12 June 2014
I’ll promote a paragraph from one of my comments into this post:
Many of us have been through some really dark times, and we have the pieces that spoke to our hearts that got us through those times. It genuinely gives me no joy to know that, for those whom MZB’s works were those pieces, I’ve dislodged that for them.
And I’ll add:
In addition to the lives she harmed, MZB’s works saved the lives of other people by speaking to them when other works and other people would not and/or did not.
Rachel E. Holmen, who worked as an editor for Marion Zimmer Bradley’s Fantasy Magazine said about Marion:
When she visited cons, ten or twenty young women an hour would stop by with stories along the lines of “Your books saved my life.”
There are other writers being published now who may speak to those same hearts, but if MZB is still the author that would help them, then I think it’s important that her work be available to do so. This doesn’t diminish her very real (and very severe) failings.
Rachel’s quote points out why we need diverse books by diverse writers that speak to diverse audiences.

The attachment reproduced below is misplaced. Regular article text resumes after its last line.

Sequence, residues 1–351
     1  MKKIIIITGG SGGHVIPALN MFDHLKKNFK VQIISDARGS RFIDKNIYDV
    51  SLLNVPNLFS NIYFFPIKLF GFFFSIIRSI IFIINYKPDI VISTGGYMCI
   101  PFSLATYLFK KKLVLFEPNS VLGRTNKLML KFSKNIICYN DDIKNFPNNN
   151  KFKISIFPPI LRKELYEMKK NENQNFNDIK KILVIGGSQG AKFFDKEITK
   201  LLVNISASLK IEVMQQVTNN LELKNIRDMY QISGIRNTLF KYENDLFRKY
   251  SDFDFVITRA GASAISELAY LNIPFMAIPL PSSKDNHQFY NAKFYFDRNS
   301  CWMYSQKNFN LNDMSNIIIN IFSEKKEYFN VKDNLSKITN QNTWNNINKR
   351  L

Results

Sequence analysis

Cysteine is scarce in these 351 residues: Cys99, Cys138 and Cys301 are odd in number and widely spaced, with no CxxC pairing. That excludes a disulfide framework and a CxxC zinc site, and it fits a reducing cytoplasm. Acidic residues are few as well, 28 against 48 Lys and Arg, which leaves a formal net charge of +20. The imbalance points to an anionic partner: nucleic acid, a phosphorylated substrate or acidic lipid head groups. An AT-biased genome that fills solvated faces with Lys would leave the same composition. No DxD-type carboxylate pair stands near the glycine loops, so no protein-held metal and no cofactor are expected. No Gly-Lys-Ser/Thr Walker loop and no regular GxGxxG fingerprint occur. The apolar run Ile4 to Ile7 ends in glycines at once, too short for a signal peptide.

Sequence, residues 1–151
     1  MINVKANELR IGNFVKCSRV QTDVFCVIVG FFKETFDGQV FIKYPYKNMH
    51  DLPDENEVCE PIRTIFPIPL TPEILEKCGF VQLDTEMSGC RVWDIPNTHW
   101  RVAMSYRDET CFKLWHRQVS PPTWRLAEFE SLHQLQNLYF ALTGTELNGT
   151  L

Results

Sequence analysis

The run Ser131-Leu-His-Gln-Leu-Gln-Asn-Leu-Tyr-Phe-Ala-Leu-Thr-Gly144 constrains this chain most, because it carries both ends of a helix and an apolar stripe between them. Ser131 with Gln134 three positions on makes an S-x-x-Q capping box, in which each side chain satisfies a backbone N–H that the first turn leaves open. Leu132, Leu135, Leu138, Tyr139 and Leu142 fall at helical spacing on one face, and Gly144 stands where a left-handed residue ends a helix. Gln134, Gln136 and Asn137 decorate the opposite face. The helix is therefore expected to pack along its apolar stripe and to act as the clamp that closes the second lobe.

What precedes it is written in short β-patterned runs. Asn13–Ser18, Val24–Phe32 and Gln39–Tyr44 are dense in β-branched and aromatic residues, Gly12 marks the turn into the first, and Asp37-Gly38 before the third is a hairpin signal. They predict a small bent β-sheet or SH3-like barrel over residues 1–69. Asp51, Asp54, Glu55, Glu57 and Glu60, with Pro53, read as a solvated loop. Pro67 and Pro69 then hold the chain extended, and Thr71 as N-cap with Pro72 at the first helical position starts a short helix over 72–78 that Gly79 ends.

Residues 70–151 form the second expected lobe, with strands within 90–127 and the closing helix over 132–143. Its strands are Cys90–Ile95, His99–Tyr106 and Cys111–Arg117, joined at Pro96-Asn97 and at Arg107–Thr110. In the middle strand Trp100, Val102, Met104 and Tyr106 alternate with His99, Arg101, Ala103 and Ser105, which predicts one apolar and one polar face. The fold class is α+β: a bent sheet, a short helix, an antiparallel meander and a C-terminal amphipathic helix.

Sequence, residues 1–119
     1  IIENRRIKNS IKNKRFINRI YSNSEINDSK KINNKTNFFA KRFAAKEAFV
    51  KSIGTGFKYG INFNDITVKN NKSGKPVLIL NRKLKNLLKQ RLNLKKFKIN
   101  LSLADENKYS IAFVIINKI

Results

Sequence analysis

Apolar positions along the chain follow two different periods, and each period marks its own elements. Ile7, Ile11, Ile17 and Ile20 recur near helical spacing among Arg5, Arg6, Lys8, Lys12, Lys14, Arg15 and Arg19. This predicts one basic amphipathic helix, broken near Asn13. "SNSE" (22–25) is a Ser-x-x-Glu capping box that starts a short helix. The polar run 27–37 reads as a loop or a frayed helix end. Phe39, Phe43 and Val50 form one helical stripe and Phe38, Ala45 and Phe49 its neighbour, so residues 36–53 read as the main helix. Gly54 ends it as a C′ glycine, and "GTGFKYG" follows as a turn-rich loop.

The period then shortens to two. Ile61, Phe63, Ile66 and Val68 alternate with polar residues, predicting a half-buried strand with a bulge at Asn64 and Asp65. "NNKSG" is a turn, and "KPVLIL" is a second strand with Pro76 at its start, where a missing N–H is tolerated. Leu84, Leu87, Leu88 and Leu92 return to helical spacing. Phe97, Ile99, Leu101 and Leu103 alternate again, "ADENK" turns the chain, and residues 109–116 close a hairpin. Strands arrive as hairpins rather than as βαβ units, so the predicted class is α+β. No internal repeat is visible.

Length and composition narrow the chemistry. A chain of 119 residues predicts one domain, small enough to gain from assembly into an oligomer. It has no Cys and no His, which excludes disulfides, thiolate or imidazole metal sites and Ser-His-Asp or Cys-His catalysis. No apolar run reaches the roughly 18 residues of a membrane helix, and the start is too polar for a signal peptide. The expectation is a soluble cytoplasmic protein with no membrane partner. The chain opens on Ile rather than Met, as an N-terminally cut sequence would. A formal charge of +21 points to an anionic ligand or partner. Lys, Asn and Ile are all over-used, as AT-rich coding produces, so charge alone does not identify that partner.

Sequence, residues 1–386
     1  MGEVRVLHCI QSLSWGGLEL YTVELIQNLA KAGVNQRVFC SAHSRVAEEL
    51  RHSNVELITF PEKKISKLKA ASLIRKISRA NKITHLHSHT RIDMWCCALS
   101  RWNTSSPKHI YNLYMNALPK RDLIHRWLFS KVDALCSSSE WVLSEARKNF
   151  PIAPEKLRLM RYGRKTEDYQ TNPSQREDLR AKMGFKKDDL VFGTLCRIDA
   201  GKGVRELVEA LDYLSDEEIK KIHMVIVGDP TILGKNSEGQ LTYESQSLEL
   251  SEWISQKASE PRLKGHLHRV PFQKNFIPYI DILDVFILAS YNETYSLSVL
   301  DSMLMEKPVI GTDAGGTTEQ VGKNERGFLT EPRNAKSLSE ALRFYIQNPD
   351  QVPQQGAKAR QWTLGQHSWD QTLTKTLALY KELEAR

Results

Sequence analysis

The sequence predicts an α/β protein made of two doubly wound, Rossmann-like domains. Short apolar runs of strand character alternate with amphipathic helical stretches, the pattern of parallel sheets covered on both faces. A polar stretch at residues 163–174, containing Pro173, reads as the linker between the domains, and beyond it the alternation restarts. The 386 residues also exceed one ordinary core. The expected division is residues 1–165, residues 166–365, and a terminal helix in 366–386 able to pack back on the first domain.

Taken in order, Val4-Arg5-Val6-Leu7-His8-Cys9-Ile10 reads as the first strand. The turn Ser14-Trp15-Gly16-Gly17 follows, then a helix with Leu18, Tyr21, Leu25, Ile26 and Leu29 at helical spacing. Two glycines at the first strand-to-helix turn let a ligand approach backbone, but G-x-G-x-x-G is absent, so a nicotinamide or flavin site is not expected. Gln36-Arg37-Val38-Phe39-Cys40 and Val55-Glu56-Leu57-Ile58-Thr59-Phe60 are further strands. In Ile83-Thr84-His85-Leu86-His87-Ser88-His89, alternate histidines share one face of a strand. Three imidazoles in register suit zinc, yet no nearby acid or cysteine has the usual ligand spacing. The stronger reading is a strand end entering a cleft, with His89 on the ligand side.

Additionally, MZB gave a start to a lot of women writers—a higher percentage than anyone else in the genre at the time. Those writers helped pave the way for even more female voices in the genre.
“A Sword Called Rhonda” was in fact a parody of Mercedes Lackey’s works (specifically, Rhonda was a parody of Need), and Lackey was first published by MZB.
I think the Carl Sagan quote about books is a great way to end this.
See also: Paul St John Mackintosh’s article, “More on Marion Zimmer Bradley and the ethics of artists”, which takes a more intellectual approach.
Janni Lee Simner discusses what she and her husband did with the royalties they’d earned from sales to Marion’s anthologies. Thoughtful.